Welcome to my life. Told about me, by me.

Tuesday, April 12, 2011

Outlines: Are They Really Necessary?

Whenever I think of outlines, one of my English teachers always comes to mind. He would require us to write an outline for everything, whether it was an essay or a creative story. He would even check to make sure that we did them, and would grade us on whether we had the outline or not. I suppose he wanted to make sure that we were thinking about what we would write instead of diving into the assignment headfirst.

That being said, I really, truly, hate outlines.

Why? I suppose it would have to be because of the solidity of them. My writing is fluid, first and foremost. I don't believe in forcing out ideas just for the sake of writing. The ideas have to flow easily, without me forcing myself to write what I think people would like. To me, when I write something in an outline, it feels final. Once it's down on paper, I feel like I have to include this idea in the story, even though I don't want to. Teachers have tried telling me that I can change the outline, but it still feels like I have to write what I put on my outline.

Personally, I rather like diving into things headfirst. When I'm writing a story or essay, I'll have a few ideas in my head as to where I want to go with it, but they're just that: ideas. I'm not committed to any one of them until I put them on paper. When I actually begin writing, I'll keep these ideas in mind, but sometimes, my writing will take me in an entirely different direction than what I had originally planned. This is usually a selling point for teachers as to why students should use outlines, but I disagree. Just because the story becomes something different doesn't necessarily mean that's a bad thing. It just means that it's not what I had originally planned.

A method story-planning that seems to work for me is that I'll have several scenes mapped out in my mind in detail, but the way I get from point A to point B is completely blank. This includes bits and pieces that I really like for the story, but still leaves room for me to be surprised. It also helps me when I have writer's block: I'll start writing one of these particular scenes (often out of sequence with the rest of the story), and that breaks the floodgates and allows my creativity back.

If I feel like I really, truly, need to write down an idea for fear of forgetting it, I STILL won't do an outline, per se. I'll go on a site called Polyvore instead. Polyvore, in a nutshell, is a site that allows you to make "sets" with images you get off the internet. For instance, this is a set I made as an example:


Click the link. You'll see what I'm talking about. Pretty awesome, huh?

I'll use these sets as an outline, and I'll create a collection of them on Polyvore, putting them in order, so that I can go through the major scenes in sequence if I so chose. This is the only form of outlining I will ever choose to use. Period.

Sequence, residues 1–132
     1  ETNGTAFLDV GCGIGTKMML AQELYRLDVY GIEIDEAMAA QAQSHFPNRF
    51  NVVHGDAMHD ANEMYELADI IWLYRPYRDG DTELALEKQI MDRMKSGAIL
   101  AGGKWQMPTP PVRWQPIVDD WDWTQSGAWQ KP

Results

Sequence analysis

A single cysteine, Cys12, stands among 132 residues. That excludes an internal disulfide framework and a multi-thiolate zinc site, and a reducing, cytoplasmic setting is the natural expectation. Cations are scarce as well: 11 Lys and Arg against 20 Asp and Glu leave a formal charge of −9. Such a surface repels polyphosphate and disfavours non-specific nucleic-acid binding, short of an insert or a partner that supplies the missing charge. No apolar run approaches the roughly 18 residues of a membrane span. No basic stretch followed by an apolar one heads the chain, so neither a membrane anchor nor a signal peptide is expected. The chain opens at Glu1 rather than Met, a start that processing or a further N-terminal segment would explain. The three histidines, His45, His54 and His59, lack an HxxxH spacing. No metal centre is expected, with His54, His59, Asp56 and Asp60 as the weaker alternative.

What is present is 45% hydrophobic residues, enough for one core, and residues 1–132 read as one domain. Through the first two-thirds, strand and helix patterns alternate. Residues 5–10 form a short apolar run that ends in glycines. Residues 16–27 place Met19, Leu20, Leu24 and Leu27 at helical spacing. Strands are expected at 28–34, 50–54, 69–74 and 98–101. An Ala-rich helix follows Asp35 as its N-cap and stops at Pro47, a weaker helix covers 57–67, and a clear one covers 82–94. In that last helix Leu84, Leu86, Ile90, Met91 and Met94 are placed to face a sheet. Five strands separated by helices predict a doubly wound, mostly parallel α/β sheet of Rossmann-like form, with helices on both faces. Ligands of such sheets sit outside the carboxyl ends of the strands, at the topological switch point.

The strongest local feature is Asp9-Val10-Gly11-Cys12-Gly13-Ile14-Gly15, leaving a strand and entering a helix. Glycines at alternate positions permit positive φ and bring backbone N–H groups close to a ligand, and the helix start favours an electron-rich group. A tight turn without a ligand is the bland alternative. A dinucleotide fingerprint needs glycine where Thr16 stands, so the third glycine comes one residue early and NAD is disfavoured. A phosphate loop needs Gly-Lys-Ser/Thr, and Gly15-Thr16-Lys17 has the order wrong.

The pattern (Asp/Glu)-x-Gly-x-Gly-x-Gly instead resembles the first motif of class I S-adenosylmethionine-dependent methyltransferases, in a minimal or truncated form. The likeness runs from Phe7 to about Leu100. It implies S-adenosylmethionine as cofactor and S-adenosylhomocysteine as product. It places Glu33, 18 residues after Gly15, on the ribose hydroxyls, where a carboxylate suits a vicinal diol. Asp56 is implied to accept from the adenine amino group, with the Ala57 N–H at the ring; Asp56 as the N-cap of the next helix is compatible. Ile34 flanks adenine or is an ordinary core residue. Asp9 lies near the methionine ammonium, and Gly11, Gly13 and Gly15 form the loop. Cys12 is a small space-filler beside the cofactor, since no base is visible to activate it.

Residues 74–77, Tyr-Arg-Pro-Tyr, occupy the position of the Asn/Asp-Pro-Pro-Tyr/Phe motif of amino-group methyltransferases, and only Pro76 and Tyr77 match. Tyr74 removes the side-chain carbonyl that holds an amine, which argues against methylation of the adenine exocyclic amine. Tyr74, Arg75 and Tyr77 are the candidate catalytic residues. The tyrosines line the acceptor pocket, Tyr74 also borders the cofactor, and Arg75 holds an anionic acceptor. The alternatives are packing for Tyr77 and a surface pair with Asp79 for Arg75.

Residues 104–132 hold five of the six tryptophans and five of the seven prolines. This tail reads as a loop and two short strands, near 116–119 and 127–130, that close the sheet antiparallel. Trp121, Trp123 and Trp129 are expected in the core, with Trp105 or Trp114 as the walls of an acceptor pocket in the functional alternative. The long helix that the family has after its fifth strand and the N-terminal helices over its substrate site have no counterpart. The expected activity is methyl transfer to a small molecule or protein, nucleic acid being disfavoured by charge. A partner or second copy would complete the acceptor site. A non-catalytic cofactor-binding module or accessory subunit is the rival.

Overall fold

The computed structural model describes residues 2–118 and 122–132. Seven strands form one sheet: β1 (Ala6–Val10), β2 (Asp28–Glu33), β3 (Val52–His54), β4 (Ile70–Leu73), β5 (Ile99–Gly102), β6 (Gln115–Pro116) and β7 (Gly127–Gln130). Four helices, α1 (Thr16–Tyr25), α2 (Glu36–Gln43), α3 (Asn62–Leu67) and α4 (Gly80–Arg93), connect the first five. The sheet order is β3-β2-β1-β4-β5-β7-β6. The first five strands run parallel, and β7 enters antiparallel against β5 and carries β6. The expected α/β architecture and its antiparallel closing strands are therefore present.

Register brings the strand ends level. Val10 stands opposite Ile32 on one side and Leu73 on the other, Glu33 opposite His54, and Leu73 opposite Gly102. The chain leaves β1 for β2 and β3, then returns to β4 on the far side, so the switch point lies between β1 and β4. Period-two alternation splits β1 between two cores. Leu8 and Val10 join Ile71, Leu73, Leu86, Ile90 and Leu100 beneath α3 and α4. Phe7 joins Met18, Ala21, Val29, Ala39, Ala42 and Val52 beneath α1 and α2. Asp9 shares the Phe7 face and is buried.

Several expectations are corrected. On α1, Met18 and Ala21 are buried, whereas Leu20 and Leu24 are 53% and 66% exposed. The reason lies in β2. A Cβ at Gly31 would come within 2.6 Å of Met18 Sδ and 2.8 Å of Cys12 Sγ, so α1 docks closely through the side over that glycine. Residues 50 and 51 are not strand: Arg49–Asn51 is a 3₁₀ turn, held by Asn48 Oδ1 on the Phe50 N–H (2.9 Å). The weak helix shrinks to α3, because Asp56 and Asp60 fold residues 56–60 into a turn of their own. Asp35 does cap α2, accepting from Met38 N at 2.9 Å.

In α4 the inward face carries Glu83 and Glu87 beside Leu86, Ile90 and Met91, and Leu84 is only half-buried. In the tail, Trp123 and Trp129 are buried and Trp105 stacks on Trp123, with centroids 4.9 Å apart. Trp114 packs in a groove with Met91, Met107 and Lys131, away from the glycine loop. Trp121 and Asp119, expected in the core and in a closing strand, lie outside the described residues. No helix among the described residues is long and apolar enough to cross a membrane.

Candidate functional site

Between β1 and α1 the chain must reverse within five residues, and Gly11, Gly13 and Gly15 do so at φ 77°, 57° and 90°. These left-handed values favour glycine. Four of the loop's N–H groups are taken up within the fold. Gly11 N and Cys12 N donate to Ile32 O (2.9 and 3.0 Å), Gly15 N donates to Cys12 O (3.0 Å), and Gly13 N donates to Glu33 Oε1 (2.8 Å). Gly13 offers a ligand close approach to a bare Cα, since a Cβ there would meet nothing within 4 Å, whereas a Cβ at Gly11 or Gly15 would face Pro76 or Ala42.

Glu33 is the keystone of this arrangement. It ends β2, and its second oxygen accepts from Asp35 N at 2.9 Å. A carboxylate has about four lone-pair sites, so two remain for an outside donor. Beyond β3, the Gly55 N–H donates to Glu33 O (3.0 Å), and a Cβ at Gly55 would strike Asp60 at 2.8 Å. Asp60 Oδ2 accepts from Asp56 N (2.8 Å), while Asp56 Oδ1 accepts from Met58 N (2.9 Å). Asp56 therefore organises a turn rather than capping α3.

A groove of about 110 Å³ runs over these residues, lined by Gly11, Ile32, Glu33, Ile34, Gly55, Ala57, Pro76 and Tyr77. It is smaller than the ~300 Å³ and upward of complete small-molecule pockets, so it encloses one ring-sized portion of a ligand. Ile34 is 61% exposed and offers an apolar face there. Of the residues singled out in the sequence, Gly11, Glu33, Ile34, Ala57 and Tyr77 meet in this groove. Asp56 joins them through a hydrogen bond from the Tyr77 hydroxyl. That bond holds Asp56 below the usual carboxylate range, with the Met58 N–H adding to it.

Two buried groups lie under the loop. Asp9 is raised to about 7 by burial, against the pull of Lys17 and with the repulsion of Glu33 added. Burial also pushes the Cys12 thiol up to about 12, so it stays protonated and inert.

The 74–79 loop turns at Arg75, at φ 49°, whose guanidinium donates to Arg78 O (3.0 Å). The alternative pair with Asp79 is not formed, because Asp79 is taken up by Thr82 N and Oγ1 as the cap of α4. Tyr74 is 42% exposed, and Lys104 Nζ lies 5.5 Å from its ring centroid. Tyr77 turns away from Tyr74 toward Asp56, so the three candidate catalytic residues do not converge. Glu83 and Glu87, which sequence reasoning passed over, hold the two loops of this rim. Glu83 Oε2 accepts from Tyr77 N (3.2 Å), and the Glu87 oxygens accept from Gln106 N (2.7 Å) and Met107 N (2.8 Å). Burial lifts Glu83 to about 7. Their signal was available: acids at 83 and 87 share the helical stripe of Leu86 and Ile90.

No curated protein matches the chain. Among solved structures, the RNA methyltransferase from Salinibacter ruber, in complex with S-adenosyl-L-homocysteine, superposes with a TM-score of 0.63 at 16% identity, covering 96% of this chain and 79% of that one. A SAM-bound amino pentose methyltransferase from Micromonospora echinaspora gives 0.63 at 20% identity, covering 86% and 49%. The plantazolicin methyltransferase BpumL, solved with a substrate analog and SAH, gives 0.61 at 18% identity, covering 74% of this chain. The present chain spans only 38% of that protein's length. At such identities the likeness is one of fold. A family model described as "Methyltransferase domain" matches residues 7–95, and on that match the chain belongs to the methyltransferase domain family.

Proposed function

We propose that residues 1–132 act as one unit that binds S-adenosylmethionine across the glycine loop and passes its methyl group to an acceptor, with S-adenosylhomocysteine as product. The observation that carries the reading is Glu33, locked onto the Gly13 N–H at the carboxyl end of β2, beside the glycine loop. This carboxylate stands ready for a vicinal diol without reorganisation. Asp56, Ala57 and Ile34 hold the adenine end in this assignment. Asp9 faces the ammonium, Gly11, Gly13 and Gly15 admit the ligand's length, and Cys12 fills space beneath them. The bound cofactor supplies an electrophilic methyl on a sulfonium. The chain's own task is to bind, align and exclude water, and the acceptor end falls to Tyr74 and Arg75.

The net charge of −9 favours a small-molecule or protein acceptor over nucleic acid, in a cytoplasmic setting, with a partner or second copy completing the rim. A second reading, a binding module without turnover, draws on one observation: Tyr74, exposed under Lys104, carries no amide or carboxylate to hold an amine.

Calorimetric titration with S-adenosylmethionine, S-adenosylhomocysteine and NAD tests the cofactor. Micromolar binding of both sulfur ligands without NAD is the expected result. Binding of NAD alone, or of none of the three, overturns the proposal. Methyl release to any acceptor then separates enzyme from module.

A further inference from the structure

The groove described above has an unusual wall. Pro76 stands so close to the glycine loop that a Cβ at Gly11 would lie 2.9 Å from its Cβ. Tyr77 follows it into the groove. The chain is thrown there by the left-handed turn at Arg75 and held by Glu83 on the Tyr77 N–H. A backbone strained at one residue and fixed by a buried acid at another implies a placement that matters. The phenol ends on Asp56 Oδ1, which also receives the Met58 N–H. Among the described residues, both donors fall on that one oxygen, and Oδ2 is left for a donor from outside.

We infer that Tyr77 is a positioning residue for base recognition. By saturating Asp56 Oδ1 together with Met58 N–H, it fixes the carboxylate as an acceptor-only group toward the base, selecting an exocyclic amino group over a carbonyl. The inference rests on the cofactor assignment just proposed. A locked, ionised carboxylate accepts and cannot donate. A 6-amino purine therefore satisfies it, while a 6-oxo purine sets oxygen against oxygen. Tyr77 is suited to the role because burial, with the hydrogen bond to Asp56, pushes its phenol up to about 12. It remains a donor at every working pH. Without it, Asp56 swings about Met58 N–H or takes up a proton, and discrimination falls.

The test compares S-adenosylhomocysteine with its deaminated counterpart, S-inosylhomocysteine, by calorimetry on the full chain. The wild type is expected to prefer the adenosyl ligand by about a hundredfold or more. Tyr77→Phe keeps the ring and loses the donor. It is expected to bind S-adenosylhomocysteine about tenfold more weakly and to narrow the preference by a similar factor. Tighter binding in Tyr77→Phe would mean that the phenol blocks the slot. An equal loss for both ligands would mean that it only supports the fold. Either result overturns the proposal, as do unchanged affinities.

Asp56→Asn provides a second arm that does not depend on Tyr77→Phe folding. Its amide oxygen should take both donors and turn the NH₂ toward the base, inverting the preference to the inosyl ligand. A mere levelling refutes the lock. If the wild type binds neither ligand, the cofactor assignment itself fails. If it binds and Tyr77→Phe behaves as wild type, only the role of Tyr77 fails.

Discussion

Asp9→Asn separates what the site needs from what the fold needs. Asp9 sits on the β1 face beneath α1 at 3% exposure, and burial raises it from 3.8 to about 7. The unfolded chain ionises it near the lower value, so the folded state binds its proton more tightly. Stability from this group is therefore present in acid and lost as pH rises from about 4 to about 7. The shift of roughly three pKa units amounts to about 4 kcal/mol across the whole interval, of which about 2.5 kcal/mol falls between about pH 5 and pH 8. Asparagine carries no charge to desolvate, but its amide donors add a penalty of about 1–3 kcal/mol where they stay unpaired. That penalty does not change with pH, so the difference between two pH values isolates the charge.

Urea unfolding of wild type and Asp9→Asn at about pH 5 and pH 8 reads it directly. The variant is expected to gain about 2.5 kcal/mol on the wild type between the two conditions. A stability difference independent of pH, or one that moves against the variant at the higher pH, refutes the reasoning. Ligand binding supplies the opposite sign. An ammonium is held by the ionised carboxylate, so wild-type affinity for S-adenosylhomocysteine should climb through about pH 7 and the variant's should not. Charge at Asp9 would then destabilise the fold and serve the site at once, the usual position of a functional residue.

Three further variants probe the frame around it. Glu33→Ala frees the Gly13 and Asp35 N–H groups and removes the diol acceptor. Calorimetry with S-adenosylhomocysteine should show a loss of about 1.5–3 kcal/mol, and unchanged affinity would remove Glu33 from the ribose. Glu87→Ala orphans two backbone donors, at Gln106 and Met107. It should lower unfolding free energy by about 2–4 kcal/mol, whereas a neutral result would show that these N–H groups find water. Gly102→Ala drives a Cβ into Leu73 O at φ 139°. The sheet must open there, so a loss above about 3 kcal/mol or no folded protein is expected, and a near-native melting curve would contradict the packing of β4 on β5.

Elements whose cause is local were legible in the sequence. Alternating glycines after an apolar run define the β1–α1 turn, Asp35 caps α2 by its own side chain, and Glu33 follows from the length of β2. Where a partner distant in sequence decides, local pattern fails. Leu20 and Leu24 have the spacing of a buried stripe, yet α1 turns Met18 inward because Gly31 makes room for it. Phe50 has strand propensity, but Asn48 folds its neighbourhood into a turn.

So are outlines really necessary? What unconventional method of outlining do you use (if you use any)?

Friday, April 8, 2011

Help Save (The Original) Shoeperwoman.com!

In my free time, I follow quite a few blogs. Right now, one of my person favorites, Shoeperwoman.com, is in jeopardy. Amber, the writer, has encountered a serious problem.

Someone else has started a blog called Shoeperwoman.com. On its own, this wouldn't be a problem. However, the new blog's writer is trying to trademark Shoeperwoman.com, which would essentially put the original Shoeperwoman out of business.  This is incredibly unfair to Amber, who has been writing on her blog for over two years.

I'm not here to pass judgement on the new Shoeperwoman.com, however, I highly disagree with the strategy the writer of the new Shoeperwoman is taking in regards to this entire situation. Amber posted a message on her blog yesterday informing her readers about this situation. Today, Amber apparently received a message from the writer of the new Shoeperwoman.com which threatened to report Amber to the police for slander, harassment, and cyber-bullying.

I'm sure that you have seen my earlier post about how to get content taken down on a blog, and if not, go check it out. It'll tell you my opinion about how how the new writer decided to respond to Amber's post.

In my opinion, Amber did nothing wrong. Her readers have the right to know what's happening, especially since this blog may be shut down forever, and having read the original message, I found nothing that suggested cyber-bullying or slander, and certainly no harassment. In essence, Amber simply said "Look. This person has started a site called Shoeperwoman.com. This has nothing to do with my blog. They're also trying to trademark it, which means that my blog may be out of commission forever. Please help me save it." How is that considered harassment?